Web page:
From Jim Crow to a Changing Zip Code – The Impact of Weathering on Black Families

Guest blog by Marianne Fray, Chief Executive Officer, Maternity Care Coalition

No matter where we live, how we work, or who we are, having a baby is a big deal. When a baby enters our lives, we take on additional identities — as caretakers, teachers, and advocates. Birthing is beautiful and exhausting but too often life-threatening, especially for Black, Indigenous, and People of Color (BIPOC).

The United States has the highest maternal and infant mortality rates among comparable nations, and mothers of color are at a far greater risk. Nationally, Black women are dying at 3 to 4 times the rate of white women from complications related to childbirth and experience the highest rate of infant mortality among all racial and ethnic groups[1].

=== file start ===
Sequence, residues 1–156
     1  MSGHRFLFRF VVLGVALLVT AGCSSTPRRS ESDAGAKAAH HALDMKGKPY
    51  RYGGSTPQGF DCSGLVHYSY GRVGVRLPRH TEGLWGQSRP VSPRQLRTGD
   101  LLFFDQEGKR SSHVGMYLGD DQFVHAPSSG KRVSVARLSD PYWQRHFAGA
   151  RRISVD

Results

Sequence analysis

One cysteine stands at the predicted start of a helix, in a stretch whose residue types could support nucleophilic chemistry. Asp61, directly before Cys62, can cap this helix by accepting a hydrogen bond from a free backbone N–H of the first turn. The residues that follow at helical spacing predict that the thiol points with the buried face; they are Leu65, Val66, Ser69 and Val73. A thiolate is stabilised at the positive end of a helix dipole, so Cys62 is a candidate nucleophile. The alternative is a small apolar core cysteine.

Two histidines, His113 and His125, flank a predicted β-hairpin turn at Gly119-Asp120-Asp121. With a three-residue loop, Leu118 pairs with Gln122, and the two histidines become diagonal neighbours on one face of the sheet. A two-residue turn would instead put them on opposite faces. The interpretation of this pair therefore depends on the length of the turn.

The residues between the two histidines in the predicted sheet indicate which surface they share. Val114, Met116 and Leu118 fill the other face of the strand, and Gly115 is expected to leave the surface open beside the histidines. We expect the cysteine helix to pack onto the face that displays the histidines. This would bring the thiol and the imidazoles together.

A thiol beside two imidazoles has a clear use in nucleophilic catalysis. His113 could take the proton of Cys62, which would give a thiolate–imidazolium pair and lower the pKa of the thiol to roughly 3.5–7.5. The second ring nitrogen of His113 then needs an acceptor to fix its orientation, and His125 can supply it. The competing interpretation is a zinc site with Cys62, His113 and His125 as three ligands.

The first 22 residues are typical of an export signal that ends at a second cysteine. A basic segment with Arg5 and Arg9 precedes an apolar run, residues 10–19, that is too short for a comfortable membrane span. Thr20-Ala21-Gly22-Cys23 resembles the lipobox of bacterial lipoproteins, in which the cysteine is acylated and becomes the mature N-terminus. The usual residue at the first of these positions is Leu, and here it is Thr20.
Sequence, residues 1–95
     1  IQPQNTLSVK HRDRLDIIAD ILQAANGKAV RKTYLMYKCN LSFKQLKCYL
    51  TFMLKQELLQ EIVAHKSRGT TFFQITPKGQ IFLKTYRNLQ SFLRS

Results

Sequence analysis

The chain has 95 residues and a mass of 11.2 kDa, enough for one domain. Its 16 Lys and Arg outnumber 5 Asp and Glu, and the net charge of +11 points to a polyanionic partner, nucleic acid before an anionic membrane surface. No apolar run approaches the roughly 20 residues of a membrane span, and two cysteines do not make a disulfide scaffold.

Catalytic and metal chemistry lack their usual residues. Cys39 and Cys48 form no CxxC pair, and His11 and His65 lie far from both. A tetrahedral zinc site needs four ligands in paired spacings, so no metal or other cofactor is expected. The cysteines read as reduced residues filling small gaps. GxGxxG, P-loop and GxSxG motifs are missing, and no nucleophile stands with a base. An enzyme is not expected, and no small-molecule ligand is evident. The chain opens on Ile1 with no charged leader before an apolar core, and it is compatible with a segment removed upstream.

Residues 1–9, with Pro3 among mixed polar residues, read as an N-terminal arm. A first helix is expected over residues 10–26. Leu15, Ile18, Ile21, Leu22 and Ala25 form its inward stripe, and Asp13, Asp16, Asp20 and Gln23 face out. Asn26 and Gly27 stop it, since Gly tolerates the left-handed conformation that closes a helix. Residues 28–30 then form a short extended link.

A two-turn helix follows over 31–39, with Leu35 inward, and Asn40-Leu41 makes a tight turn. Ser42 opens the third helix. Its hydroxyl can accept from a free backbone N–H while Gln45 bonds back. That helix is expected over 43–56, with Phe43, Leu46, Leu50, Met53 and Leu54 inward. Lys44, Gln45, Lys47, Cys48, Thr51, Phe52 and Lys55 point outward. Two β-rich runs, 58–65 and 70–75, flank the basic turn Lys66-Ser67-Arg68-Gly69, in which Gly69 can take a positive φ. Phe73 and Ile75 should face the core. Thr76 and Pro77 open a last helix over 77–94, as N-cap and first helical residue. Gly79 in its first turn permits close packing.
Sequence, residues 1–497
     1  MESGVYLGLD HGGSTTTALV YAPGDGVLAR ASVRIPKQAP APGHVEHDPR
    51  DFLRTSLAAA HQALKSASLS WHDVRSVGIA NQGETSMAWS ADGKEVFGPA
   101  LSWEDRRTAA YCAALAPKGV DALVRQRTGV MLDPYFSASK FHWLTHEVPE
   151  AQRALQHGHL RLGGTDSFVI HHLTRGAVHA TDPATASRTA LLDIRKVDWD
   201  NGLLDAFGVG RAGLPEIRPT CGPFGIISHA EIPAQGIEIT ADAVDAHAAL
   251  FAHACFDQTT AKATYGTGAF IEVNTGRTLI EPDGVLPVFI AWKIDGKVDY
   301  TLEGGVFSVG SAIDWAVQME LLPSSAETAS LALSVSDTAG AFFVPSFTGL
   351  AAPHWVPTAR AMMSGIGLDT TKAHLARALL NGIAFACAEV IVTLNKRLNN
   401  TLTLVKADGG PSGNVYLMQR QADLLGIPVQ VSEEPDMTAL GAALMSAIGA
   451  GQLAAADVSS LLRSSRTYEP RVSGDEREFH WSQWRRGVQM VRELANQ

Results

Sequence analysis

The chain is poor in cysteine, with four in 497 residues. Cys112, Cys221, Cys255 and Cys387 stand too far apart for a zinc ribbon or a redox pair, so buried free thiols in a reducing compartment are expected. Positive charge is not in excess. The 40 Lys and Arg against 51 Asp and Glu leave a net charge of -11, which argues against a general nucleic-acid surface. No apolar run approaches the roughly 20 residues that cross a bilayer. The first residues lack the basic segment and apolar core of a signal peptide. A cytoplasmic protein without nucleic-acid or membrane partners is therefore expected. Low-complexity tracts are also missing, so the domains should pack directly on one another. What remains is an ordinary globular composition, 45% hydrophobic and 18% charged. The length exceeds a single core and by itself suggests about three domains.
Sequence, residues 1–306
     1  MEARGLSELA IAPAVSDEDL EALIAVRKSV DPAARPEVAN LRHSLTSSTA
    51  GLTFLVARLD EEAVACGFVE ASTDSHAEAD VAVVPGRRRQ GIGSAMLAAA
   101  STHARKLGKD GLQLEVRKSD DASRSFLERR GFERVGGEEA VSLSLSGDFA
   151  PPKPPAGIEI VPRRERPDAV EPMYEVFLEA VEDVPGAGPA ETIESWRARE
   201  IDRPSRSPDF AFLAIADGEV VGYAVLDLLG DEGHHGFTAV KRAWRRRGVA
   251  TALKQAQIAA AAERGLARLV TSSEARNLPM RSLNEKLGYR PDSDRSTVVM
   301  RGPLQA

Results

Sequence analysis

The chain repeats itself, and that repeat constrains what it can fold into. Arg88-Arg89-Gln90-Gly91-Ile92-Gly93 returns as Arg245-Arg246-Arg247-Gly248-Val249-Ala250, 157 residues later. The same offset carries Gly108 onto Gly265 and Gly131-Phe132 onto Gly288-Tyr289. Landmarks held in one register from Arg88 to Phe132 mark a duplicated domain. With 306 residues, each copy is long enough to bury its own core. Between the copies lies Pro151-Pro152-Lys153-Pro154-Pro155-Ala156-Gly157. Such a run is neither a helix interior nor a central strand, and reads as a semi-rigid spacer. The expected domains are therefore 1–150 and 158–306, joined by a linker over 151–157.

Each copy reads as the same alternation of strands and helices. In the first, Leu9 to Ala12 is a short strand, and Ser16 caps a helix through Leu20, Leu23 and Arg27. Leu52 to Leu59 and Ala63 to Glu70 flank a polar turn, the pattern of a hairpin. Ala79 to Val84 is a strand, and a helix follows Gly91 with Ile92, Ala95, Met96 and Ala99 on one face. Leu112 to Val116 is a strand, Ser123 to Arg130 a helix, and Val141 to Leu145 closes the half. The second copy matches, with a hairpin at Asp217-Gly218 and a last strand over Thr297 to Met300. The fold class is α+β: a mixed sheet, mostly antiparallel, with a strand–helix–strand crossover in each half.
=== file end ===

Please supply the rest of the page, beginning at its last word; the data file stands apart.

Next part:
In a recent article by HealthSpark Foundation, Maternity Care Coalition’s (MCC) Early Head Start Senior Director Toscha Blalock, M.S. explains why these disparities exist, “People think disparities are driven by behavior, by health, by other individual factors, but it has really become clear- and research has shown- that it’s not individual behaviors, it’s social determinants of health. It’s the environment, where we work, our neighborhoods, and a number of different things that are impacting these outcomes.”[2]

Read full post here.